Drilling used to be hit or miss. In the energy industry’s early days, operators hammered cable tools into the earth, hoping to find crude oil or natural gas. But development of more sophisticated tools has enabled drillers to probe greater depths with more success in less time. Since the remaining hydrocarbons are more difficult to access, the search for oil and gas is constantly leading us into deeper waters and more remote terrain. Drilling and completions technologies have improved dramatically in recent years, enabling Chevron’s portfolio growth.
Until the 1970s, rotary drilling was the dominant technique used in vertical wells. However, these wells were not enough to tap the full potential of reservoirs. Horizontal drilling, enabled by steerable tools, was developed to better access areas of reservoirs that were previously unreachable, thereby increasing production. More recently, the same concept has been pushed further with great results: Directional and extended-reach drilling have allowed operators to access reservoirs far from the drilling location.
Completions technology also has evolved: Installations are done in less time and reliably produce at greater rates. Cased-hole completion involves perforating the well casing and formation so that oil or gas can flow into production tubing. Open-hole completions are another option: Formations with weak rock often require sand screens and gravel packs to be inserted into the reservoir to stabilize the hole and maintain the flow of oil from the reservoir into the well bore. This process controls the migration of sand to avoid well failures and lost production.
Next, acids and other fluids can be pumped into the well under high pressure to fracture, clean and stimulate the rock to increase our ability to produce oil or gas. Finally, production tubing is added to provide an efficient and safe flow to the surface.
What Chevron Is Doing
Chevron’s long-term exploration and development strategy—which blends disciplined, data-driven decision making with superior technical competency—is paying off.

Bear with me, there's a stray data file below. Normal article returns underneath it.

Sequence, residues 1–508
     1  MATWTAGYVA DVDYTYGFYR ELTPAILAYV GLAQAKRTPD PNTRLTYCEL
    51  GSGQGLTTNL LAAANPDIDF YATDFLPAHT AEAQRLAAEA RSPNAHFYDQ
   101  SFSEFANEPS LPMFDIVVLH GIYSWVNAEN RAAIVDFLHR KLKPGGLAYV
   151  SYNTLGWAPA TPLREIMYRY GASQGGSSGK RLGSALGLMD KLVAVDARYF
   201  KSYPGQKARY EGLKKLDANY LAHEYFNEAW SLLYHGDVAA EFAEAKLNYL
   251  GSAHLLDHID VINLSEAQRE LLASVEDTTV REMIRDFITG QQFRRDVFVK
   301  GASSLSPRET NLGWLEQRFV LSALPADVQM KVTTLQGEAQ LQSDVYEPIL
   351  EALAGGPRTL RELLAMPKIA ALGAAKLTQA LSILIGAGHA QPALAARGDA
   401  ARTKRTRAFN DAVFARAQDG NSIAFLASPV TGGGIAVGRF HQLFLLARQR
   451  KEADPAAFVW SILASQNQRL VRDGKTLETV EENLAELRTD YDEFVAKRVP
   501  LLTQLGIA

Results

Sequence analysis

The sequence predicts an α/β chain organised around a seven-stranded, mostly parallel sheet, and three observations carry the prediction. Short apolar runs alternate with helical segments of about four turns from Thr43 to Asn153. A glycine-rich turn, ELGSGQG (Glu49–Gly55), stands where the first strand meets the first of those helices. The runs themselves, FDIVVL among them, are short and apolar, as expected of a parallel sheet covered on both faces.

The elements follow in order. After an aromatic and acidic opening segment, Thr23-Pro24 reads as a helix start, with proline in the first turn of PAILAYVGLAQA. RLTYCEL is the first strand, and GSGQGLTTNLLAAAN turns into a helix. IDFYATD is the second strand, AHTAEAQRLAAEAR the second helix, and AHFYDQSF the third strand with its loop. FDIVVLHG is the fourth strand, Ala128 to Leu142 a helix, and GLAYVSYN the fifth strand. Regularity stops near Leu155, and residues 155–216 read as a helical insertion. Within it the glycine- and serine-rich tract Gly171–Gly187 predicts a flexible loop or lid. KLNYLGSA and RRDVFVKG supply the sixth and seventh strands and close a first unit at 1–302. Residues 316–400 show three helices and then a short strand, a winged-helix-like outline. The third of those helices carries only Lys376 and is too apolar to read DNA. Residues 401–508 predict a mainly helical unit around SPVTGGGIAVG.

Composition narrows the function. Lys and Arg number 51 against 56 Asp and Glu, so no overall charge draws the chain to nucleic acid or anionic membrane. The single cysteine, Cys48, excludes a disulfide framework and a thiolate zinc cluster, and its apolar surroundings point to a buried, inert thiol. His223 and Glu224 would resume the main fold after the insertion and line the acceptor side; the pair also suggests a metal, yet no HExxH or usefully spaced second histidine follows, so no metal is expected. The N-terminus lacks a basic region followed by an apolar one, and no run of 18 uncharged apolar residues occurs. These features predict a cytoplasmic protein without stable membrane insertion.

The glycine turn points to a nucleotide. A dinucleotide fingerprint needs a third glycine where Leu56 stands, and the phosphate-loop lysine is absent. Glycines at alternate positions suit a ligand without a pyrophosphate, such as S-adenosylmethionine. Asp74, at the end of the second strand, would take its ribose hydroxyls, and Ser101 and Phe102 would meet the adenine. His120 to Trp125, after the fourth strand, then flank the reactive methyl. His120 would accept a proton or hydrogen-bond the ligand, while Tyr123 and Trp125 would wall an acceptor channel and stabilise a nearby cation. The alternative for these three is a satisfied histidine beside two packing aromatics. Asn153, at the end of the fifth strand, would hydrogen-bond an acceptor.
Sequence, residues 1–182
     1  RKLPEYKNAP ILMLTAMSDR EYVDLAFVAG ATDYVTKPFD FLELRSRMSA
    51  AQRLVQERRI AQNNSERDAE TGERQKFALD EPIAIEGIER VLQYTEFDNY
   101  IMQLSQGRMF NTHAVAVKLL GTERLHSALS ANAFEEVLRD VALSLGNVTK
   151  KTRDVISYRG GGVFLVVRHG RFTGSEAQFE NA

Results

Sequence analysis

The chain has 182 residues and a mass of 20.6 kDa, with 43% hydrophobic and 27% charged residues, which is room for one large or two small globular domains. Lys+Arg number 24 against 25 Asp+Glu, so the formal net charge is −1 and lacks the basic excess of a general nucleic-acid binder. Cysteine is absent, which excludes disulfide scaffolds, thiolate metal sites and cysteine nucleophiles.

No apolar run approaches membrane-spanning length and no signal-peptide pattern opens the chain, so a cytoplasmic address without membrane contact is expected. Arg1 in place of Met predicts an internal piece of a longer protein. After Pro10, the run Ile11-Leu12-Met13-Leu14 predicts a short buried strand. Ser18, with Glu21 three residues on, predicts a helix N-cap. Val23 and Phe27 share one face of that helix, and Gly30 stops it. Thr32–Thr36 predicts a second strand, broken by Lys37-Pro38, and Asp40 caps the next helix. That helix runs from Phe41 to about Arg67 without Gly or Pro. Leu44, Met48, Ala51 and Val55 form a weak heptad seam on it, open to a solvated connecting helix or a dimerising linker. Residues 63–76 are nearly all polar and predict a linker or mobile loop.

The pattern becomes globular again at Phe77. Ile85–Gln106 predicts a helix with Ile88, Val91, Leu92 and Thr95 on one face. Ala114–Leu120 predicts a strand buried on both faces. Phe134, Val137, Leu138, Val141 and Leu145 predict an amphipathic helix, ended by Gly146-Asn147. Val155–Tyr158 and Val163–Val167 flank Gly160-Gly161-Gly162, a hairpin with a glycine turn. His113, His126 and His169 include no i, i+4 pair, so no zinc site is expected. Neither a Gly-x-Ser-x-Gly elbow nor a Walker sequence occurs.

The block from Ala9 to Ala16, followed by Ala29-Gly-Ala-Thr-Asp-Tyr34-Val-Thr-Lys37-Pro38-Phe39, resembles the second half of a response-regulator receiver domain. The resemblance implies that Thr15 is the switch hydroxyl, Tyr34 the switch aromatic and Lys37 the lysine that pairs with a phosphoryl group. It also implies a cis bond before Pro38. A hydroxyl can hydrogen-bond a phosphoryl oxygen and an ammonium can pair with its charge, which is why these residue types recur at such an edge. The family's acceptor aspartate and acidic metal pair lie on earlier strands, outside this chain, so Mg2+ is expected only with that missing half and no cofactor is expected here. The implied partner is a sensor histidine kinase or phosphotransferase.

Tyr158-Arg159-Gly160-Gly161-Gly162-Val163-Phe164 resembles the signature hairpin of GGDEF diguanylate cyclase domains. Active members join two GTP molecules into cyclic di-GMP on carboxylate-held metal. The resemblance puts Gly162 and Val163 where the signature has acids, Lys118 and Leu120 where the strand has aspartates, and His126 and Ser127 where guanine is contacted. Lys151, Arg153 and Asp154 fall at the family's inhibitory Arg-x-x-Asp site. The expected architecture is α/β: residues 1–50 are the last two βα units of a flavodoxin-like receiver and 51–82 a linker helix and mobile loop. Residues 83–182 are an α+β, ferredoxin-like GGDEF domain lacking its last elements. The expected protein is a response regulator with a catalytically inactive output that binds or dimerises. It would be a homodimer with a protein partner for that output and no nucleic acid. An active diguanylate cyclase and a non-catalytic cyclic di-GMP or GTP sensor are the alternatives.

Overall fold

- In Kazakhstan, our Tengizchevroil joint venture uses closed-hole circulating drilling to manage pressure at the Tengiz Field, the world’s deepest operating carbonate oil field. Fit-for-purpose casing design was introduced at Tengiz in 2012. The new casings are smaller, which improves overall drilling efficiency without compromising well integrity.
- In the Gulf of Thailand, where Chevron drills more than 300 wells per year, our “well factory” approach enables maximum efficiency with the minimum capital investment. All of the wells are developed using the same processes, practices and design. The performance of these wells helps make us Thailand’s top crude oil and natural gas producer.
- Chevron recently deployed a new completion system that can save significant time and cost in deepwater developments. The system was installed in the Jack/St. Malo project in the Gulf of Mexico in 2012 and enables the stimulation and gravel pack of multiple production zones in a single trip. Deploying in a single run allows more of the reservoir to be stimulated in less time, which increases efficiency, reliability and production. This technology’s success may lead to its use in other deepwater projects, which could result in additional cost savings and improved completion efficiency.
- An aggressive horizontal drilling campaign at California’s Kern River Field has improved production at this century-old heavy oil field. At depths as shallow as 300 feet, the horizontal wells are drilled with steerable tools to overcome challenges posed by the softness of the surrounding earth. Horizontal drilling has slowed the field’s production decline in a way its vertical wells could not.
Investing in New Finds
Chevron continues to be one of the world’s more active offshore operators. Key exploration areas are the U.S. Gulf of Mexico, the deep waters off western Africa and offshore northwest Australia. Drilling and seismic activities occurred or were in various stages of planning in several other areas, including Argentina, the east coast of Canada, China, Eastern Europe, Indonesia, the Kurdistan region of Iraq, Liberia, Norway, Thailand, Vietnam and offshore the United Kingdom.
In addition to preparing new oil and gas wells for production, drilling teams also revitalize existing wells. This process involves repairing or stimulating the well—such as replacing the tubing or deepening the well—to restore or enhance its production of oil or gas.
Continued investment in drilling and completions technologies is important as wells become deeper, longer and more geometrically complex and as we extract resources from challenging rock formations.
Updated: March 2015